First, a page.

This is a new column focused on helping small business owners run their businesses more efficiently.
There are too many tools out there. Let’s face it. Many small business owners don’t have time to waste on tools that don’t work. This series will help you save money and improve productivity by providing results-proven tools that other business owners had success with.
This week we explore tools small business owners are using to organize internal data. We’ll also look at marketing tools that actually provide results for these small business owners. We'll look at the must-have tools of one small business success coach, a baked goods company and a winery.
THE Small Business Lady
New York Times small business columnist, author and coach, Melinda Emerson, known to her 178K followers as @SmallBizLady, told me via phone the number one mistake she sees small businesses make is impulse buying shiny new tech tools.
She said many small business owners buy more technology than they need. She recommends people wait six months to buy an app to ensure it’s user friendly and allow the small business owner to take a course in using the app if it’s needed.
Emerson believes that “while social media is dominating, email is still king.”
She recommends small business owners get an email marketing tool that doubles as a CRM. She encourages small business owners to check out Constant Contact, Infusion Soft or free email tool Mail Chimp.
Emerson wrote in a blog post How Twitter Changed My Life, “I joke with people all of the time that I work Twitter as if it were a job. But that is what is required to build an influential social media brand.”
As someone who uses social media frequently for marketing, she and her team use the pro version of HootSuite. She likes that people can respond easily and share information. This is important when she manages the popular Wednesday 8pm ET twitter chat she started #SmallBizChat.
Since Emerson’s team is geographically spread out, she knows the importance of a good collaboration tool and swears by Dropbox. She calls Dropbox “the best thing that ever happened to me.” She likes how easily she can store files and control and collaborate on iterations of her documents.
Lastly, for small businesses engaging in thought leadership Emerson recommends webinar tools. She has had good experiences conducting teleseminars on WebEx, GoToMeeting and Instant Teleseminar.
Kari Mansfield of Kari’s Desserts creates a popular south African dessert called “malva pudding” in addition to south African tea cakes. While Kari is the founder of her company, she still values face to face marketing with her customers. You can find her at Whole Foods on a given day providing samples of her delicacies. But driving all over the Bay Area can be taxing on Kari who is generally a one woman operation.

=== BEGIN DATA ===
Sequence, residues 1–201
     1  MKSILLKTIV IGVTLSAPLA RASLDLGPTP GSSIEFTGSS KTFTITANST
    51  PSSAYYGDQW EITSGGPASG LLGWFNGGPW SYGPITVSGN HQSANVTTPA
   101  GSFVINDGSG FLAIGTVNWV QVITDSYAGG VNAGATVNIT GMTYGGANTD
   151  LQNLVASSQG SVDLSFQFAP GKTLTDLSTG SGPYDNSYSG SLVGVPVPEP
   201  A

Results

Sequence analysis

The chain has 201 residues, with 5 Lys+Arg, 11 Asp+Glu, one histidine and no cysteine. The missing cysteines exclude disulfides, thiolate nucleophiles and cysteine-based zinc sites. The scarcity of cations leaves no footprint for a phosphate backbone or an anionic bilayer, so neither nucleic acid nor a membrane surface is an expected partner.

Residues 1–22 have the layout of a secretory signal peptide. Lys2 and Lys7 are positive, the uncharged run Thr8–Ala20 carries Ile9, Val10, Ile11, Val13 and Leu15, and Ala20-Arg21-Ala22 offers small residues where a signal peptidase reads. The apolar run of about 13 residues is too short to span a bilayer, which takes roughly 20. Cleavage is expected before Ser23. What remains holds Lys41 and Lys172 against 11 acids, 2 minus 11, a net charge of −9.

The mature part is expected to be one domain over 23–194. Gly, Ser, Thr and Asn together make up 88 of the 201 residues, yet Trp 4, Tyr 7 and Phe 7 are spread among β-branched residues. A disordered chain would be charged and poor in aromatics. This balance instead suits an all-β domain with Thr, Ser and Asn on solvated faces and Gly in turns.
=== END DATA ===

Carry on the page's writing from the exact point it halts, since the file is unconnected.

Kari lives in surf town Santa Cruz, California far from many of her resellers. She depends on marketing tools like Salesforce to maintain her accounts, and ensure she’s up to date on the current buyer for the store.
She said, “The buyers at Whole Foods are constantly changing, and I would die without Salesforce to keep track of them all.” She said, “It keeps everything so organized. I can continually update it.”
With the rotation in people responsible for orders, her ability to maintain and organize her contacts ensures sales success.
She said, “There’s a lot of stuff that gets missing with a small company before it gets on that shelf.” She doesn’t leave this to chance.
While Salesforce helps her track and nurture business relationships, she admits that the ordering process is not as tech savvy. She said most of her personal orders still come in via phone, email or even one customer who uses fax.
St. Supéry, under Russell’s marketing direction, has created a large following on social media channels. Russell says her favorite social media apps are Tweetdeck that she uses for Twitter and Facebook. She monitors the channels using a free social media tool for wineries, VinTank.
She uses Foursquare to support her trade accounts that include restaurants, retailers and fellow wineries that she supports. Russell knows the visual aspect of making wine and its appeal for St. Supéry fans. She leverages the visual component with Instagram to edit her photos.
With these tools it only takes a few people to make a big splash. She has only two people managing the social channels in addition to the St. Supéry CEO Emma Swain (@emmaswain) who tweets from her own profile.
All of these businesses are using technology as a way to simplify their data and processes and as a way to market their businesses.
Do you have a story to tell? Or do you know of a business that you think has something compelling to share around their technology? Drop me a line, you might just get featured in this column.